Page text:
How does Qoala become better at Production support?
We at Qoala are fully committed to making our customer’s life easy by getting the right insurance product for them. We are obsessed with customer satisfaction that’s why we take our production support very seriously. It’s bread and butter of our engineering practice.
For those who do not know, Qoala is an omnichannel insurance company, with the purpose to democratize, empower and redefine insurance for customers. Qoala believes in order to redefine insurance, it takes all stakeholders to be involved. Hence, Qoala is committed to providing the utmost value to all of its stakeholders including insurance partners, customers, and regulators.
Given our mission and the criticality of businesses, for us supporting our customers, 24*7 is super important. But supporting is not just setting up the Customer Service(CS) department, it’s a process where from engineering to the business every one involves in making the platform up and available for our customers. As we are a startup and exponentially growing it’s very critical to set up a process and create awareness about production support.
So this is not a new practice in the industry. But still, some people struggle with this sensitive topic and do not implement it the right way.
Even with the best system, there will be issues in your production environment that you never anticipated. And when this issue happens if you do not educate and invest in managing the production issues, your customer is going to be dissatisfied with your platform.
Ok, now what! How to approach the production support for your team and company.
When we started, we wanted to be better at it but there was no plan and objective to achieve it. We were using one account per team to reduce cost but this was not reducing the cost but increasing it as there was no visibility who is on-call whom to reach out to. We were thinking more about transactional than non-transactional output.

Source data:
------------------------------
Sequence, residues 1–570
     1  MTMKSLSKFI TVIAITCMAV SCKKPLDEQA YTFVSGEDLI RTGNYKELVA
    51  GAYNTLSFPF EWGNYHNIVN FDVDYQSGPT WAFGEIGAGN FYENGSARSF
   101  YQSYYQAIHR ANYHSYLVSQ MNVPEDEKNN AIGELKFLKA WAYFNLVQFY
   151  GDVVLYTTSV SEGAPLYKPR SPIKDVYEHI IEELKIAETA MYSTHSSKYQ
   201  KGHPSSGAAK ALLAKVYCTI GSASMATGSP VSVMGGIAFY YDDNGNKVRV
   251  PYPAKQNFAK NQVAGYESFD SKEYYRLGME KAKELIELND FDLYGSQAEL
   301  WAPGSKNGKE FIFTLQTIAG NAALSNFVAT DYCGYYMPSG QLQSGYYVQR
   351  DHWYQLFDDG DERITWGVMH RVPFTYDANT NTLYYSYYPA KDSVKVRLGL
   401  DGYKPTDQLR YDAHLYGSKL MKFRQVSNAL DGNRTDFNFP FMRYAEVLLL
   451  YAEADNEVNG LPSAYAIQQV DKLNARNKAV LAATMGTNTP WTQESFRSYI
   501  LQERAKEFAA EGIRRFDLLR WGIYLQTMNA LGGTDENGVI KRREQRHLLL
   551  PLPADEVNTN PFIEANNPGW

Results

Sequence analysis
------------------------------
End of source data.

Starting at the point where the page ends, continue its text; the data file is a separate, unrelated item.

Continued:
We did not have any formal SLA to achieve we just wanted to reduce the number of production issues and had a very optimistic view that it will be fixed asap. We even did not know how many issues were occurring per week and how many of them were re-occurring and how many are tech-ops issues. We were having RCAs etc but not being followed in a disciplined manner. Being in this state is very normal for early-stage startups as they are prioritizing the building than optimizing the product. But we wanted to fix this broken loop in the organization as early as possible to have more time to build and innovate.
We started with very basic steps which are written below to become better at production support
- Incident management tools
The first thing we did was educate the team about production support and most importantly why it’s an important skill for an engineer to know about production support. And we were so surprised that most of the engineers in our team wanted to learn and contribute during production support but they were not aware of how to do it because some of them felt shy, afraid of judgment from others, etc. But with time, we were able to make a no-blame culture in our organization and be more proactive and open about production issues.